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Forests 2014, 5(4), 689-714; doi:10.3390/f5040689

Repeated Raking of Pine Plantations Alters Soil Arthropod Communities

1
Department of Wildlife Ecology and Conservation, NFREC-Quincy, University of Florida, 155 Research Rd, Quincy, FL 32351, USA
2
Carnegie Museum of Natural History, Powdermill Nature Reserve, 1847 Route 381, Rector, PA 15677, USA
*
Author to whom correspondence should be addressed.
Received: 16 January 2014 / Revised: 21 March 2014 / Accepted: 31 March 2014 / Published: 10 April 2014
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Abstract

Terrestrial arthropods in forests are engaged in vital ecosystem functions that ultimately help maintain soil productivity. Repeated disturbance can cause abrupt and irreversible changes in arthropod community composition and thereby alter trophic interactions among soil fauna. An increasingly popular means of generating income from pine plantations in the Southeastern U.S. is annual raking to collect pine litter. We raked litter once per year for three consecutive years in the pine plantations of three different species (loblolly, Pinus taeda; longleaf, P. palustris; and slash, P. elliottii). We sampled arthropods quarterly for three years in raked and un-raked pine stands to assess temporal shifts in abundance among dominant orders of arthropods. Effects varied greatly among orders of arthropods, among timber types, and among years. Distinct trends over time were apparent among orders that occupied both high trophic positions (predators) and low trophic positions (fungivores, detritivores). Multivariate analyses demonstrated that raking caused stronger shifts in arthropod community composition in longleaf and loblolly than slash pine stands. Results highlight the role of pine litter in shaping terrestrial arthropod communities, and imply that repeated removal of pine straw during consecutive years is likely to have unintended consequences on arthropod communities that exacerbate over time. View Full-Text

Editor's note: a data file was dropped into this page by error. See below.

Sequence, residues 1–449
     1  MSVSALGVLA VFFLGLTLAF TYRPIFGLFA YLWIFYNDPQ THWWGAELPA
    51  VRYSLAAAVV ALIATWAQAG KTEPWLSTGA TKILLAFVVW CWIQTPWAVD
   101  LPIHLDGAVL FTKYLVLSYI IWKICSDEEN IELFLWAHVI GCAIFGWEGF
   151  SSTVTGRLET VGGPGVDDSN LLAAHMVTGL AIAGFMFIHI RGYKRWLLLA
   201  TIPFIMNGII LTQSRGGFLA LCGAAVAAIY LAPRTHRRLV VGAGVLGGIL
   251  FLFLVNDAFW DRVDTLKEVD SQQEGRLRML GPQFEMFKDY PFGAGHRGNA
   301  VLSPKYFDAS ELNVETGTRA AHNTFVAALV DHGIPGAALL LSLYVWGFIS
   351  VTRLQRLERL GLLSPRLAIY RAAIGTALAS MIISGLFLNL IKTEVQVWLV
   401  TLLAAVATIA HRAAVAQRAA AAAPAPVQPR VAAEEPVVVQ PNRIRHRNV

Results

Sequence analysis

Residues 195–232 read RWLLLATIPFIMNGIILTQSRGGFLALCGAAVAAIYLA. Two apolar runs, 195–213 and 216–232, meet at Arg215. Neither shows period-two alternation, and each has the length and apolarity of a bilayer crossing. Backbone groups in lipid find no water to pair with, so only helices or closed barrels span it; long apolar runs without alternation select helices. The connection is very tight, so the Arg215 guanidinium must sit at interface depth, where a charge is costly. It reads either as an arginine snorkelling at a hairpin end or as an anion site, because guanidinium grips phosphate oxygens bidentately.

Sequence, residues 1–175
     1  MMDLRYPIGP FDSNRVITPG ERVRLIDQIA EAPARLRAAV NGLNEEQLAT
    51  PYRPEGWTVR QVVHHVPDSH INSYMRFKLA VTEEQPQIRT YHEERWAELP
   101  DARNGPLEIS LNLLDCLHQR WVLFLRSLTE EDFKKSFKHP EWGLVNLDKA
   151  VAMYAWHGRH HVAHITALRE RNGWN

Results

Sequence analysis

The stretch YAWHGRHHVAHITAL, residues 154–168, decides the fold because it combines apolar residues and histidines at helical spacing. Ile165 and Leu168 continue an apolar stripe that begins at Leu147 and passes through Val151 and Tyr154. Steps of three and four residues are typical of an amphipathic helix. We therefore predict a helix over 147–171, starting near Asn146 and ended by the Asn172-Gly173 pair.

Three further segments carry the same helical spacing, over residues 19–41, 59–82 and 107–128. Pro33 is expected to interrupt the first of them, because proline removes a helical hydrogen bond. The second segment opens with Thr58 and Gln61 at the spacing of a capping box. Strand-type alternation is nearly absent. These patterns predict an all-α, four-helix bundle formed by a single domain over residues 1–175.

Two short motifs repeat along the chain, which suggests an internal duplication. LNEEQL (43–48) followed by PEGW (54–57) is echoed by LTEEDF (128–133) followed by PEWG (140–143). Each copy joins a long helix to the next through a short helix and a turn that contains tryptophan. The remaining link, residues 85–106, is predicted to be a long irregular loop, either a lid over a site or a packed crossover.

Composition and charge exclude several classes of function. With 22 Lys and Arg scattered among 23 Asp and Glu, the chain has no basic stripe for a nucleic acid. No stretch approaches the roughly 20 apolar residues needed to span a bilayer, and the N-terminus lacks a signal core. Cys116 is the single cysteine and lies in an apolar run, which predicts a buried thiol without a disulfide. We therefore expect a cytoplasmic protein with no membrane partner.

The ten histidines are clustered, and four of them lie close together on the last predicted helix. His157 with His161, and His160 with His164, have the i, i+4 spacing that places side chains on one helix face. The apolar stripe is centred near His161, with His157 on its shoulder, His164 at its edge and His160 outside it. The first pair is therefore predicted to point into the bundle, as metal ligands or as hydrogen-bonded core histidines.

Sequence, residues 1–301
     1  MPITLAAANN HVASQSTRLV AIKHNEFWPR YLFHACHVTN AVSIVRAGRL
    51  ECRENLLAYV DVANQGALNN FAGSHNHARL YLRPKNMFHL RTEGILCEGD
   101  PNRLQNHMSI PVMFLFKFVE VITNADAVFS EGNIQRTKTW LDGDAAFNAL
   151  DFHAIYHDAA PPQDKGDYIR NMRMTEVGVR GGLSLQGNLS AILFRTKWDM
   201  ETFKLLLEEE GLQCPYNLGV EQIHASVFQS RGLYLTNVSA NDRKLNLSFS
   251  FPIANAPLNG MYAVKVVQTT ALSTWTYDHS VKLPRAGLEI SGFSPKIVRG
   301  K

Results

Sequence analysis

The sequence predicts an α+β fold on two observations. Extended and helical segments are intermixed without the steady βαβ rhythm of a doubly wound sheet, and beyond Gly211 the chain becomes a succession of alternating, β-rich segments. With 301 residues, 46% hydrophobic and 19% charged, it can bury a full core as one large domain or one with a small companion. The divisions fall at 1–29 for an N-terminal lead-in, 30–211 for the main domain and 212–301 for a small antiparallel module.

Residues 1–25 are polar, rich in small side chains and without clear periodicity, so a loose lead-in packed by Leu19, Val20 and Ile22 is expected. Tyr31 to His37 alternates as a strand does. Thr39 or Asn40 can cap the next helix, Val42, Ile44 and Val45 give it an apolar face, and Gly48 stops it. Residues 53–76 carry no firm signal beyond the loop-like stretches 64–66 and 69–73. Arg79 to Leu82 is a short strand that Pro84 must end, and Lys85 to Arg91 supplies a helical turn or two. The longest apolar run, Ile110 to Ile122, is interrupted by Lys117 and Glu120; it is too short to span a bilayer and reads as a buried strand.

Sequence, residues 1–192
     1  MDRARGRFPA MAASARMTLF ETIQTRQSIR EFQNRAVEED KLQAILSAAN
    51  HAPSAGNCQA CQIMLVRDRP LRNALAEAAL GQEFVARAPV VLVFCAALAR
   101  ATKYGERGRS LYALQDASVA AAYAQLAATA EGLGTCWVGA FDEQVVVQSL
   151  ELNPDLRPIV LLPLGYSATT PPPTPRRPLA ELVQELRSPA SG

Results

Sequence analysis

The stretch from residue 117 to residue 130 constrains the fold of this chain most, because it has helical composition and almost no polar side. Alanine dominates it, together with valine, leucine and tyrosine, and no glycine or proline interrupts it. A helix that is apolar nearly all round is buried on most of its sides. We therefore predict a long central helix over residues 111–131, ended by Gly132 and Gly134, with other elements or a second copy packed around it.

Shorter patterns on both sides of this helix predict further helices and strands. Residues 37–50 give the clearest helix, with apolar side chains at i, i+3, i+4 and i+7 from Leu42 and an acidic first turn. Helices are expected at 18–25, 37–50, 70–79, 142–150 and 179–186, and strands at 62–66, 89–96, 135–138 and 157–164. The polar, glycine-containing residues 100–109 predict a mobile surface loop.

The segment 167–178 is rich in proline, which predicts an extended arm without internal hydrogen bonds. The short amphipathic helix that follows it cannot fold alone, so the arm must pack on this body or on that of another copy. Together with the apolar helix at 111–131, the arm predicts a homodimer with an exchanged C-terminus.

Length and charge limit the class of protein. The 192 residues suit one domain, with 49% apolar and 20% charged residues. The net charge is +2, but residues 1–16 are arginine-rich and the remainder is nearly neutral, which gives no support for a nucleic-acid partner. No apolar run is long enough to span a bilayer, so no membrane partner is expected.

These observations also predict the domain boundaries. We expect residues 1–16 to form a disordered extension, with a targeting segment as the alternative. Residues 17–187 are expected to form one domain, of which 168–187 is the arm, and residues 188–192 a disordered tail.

Keywords: biodiversity; disturbance; litter; loblolly pine; longleaf pine; multiple-use forests; pine straw; slash pine; sustainability biodiversity; disturbance; litter; loblolly pine; longleaf pine; multiple-use forests; pine straw; slash pine; sustainability
This is an open access article distributed under the Creative Commons Attribution License (CC BY 3.0).

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Ober, H.K.; DeGroote, L.W. Repeated Raking of Pine Plantations Alters Soil Arthropod Communities. Forests 2014, 5, 689-714.

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